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In case you haven't already, probably sometime in your lifetime you will want to retain the services of an attorney. Thanks to my consultation with Tampa Attorney Christina Mesa, listed here is a listing of answers to basic as well as worthwhile questions.

1. QUESTION: Do I need to hire an attorney or lawyer in the county where the issue occurs?
ANSWER: No. Many lawyers or attorneys practice in other counties and other states, depending on their licensure for the latter. Having knowledge in the county wherein the matter will be litigated is important as that attorney will have a comfort level with the community courthouse personnel, attorneys (likely opposing lawyer) and judges. One matter in retaining an attorney outside the area wherein the matter occurs is cost of journey time. Some attorneys don't charge for travel, others offer a decreased rate or preserve a billable rate for all work carried out. Discuss that question with each attorney consulted.

2. QUESTION: How will I be certain my attorney is working on my issues?
ANSWER: Every good attorney accounts for his time (fees) and expenditures (costs). Your retainer arrangement should include a affirmation of how the attorney bills his clients - up front, quarterly, etc. You may also keep track of your case in some jurisidictions that offer on-line accessibility to case dockets. If the county has that set up, you're wise to occasionally review the docket and see what changes have occurred by your attorney and the other party/counsel. In addition feel comfortable contacting your attorney at intervals to determine the status of the issue, knowing you'll likely be charged for these interactions.

3. QUESTION: Precisely how do I pick an attorney at law?
ANSWER: Legal issues are as vast as those in other sectors, such as medicine, construction, finance, etc. and tend to be just as perplexing. To protect your legal rights and remedies, the very best practice would be to investigate your area of need and research what legal professionals are out there to help you. A recommendation from someone you know and admire can bring a personal element to the consideration to hire an lawyer but shouldn't be the exclusive reason counsel is picked. Look into the lawyer's background of training, expertise and area(s) of practice. Asking questions should be urged in this process. Self-help could be strengthening but may also reduce or negate your recovery. Hiring a law firm should be contemplated with exactly the same level of thought and consideration as that given to the selection of a physician, accountant, financial advisor or therapist.

4. QUESTION: How do I know if I need a lawyer?
ANSWER: If you have been recently served with a Summons and associated documents (Complaint, Petition, Motion), you should really endeavor to look for legal guidance without delay. Documents filed in court that commence a lawsuit require responses that involve particular deadlines; missing out on those deadlines could damage your defense, restrict or avoid your recovery. Some issues by statute involve a "pre-suit" period that allow you to take into account the legal issues and possible resolution before a suit is filed. Similarly, seeking a lawyer as soon as possible is recommended.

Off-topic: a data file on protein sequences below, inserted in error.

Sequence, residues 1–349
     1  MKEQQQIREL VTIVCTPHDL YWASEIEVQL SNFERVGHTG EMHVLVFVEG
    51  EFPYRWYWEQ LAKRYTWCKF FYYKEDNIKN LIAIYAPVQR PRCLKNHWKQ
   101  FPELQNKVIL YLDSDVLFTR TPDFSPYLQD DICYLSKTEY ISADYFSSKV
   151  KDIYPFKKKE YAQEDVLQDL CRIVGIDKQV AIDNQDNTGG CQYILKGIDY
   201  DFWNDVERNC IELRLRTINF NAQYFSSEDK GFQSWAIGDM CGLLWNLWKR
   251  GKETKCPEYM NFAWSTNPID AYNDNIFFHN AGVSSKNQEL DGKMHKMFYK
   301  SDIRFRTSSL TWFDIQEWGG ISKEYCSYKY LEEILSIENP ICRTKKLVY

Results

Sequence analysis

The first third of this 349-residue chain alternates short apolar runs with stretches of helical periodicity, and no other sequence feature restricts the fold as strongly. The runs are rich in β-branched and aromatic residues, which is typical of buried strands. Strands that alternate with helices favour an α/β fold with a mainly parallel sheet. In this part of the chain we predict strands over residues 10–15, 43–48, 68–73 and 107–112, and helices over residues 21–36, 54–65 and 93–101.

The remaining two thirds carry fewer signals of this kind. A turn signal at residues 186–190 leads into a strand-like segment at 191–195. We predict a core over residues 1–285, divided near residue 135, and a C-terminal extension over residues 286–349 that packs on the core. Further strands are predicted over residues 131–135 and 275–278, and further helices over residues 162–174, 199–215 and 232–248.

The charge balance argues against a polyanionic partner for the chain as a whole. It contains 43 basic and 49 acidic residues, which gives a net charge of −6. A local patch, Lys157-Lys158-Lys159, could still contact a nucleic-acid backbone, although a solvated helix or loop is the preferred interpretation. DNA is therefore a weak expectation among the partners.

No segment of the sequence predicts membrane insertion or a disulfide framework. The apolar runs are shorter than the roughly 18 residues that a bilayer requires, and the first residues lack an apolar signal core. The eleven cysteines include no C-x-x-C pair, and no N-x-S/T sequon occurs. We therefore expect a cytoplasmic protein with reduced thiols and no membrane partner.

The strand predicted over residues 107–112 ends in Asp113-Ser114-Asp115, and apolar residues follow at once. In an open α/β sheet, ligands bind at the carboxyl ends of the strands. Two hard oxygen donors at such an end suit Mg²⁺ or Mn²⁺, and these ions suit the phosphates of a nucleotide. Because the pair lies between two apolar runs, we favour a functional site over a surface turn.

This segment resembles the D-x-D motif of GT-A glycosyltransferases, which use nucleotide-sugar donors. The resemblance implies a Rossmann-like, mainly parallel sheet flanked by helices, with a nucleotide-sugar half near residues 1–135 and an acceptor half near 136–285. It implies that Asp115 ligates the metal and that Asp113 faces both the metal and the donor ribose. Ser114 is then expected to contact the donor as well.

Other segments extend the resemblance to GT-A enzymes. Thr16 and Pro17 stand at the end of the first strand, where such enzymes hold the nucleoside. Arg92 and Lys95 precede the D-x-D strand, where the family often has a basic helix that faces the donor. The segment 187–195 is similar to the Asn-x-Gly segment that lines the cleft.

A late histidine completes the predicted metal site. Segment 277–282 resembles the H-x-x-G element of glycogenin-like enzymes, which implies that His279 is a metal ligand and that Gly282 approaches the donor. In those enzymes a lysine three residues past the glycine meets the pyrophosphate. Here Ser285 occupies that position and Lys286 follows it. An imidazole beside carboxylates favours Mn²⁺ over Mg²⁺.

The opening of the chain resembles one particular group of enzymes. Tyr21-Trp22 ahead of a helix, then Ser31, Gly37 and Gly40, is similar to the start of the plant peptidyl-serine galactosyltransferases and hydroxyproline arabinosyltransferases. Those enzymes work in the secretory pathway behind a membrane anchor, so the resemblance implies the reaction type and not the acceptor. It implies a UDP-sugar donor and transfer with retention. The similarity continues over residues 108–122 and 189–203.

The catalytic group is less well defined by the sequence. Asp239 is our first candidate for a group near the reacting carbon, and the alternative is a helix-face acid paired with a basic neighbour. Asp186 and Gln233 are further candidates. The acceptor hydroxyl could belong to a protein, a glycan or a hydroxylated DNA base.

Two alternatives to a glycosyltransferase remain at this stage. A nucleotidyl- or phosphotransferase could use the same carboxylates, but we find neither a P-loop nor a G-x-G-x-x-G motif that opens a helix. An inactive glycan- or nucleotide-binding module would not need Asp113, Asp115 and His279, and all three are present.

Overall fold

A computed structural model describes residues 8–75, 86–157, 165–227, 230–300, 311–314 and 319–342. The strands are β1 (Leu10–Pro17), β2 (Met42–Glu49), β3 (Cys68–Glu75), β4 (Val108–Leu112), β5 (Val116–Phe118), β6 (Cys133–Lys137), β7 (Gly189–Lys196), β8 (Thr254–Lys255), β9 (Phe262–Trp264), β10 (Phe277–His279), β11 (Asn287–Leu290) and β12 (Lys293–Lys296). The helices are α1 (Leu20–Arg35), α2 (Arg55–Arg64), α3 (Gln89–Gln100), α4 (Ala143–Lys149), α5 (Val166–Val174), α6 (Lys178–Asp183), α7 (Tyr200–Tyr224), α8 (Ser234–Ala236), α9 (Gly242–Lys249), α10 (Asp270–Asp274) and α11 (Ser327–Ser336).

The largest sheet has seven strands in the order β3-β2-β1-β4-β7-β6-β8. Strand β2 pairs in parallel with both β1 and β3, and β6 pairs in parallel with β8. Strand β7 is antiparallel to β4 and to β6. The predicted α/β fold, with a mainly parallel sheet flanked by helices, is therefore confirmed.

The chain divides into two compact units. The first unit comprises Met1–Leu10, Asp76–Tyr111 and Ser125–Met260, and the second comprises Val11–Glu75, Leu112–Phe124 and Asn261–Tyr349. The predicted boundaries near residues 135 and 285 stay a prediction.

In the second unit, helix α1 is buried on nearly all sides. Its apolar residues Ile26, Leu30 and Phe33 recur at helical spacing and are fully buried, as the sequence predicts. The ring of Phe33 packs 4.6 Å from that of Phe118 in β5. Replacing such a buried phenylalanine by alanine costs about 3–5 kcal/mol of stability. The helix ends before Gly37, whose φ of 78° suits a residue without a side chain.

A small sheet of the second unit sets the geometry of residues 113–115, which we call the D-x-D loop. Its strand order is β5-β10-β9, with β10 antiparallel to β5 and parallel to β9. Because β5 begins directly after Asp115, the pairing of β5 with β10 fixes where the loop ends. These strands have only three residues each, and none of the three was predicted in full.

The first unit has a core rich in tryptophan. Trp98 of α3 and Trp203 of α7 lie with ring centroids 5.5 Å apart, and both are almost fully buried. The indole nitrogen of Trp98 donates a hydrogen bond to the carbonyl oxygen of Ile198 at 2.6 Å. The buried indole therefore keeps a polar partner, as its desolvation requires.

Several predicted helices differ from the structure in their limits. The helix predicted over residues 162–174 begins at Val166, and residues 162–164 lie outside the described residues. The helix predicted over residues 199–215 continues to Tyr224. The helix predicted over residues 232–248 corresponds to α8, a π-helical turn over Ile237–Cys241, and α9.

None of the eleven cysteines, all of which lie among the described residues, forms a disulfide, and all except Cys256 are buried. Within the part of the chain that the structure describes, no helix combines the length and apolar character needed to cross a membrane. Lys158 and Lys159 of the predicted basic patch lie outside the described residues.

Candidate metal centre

5. QUESTION: What exactly is mediation?
ANSWER: Mediation is a course of action whereby the parties to the matter present at an agreed local with their counsel (if retained) and a decided on mediator to try and resolve all or some of the problems involved. Mediators need to be unrelated to all participants and the litigation at issue, are to remain impartial between the parties and their counsel, and maintain the confidential structure of the conference to inspire settlement and resolution. Generally the parties share the cost of the mediation equally but other arrangements may be made if all parties are in agreement in advance of the conference. Mediation is typically required in every case filed in court and before a trial is held.

6. QUESTION: What type of attorney at law do I need?
ANSWER: Again, like other sectors, attorneys may specialise in a certain or more than one area. Similarly, law offices may specialize, provide general legal needs or offer services in a few precise areas of law. Trial attorneys deal with cases involving lawsuits; family law attorneys handle divorce, child custody/visitation, child support, alimony and related matters; general practitioners handle almost all matters. Some areas of law are extremely complex, like bankruptcy or taxation; some are delineated by statute, such as worker's compensation. Any attorney can go over your specific issue, determine if he/she is qualified to handle such matters or inform you of the need to seek advice from another in a specialized area.

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asked May 17 by LisaPalazzi5 (4,000 points)

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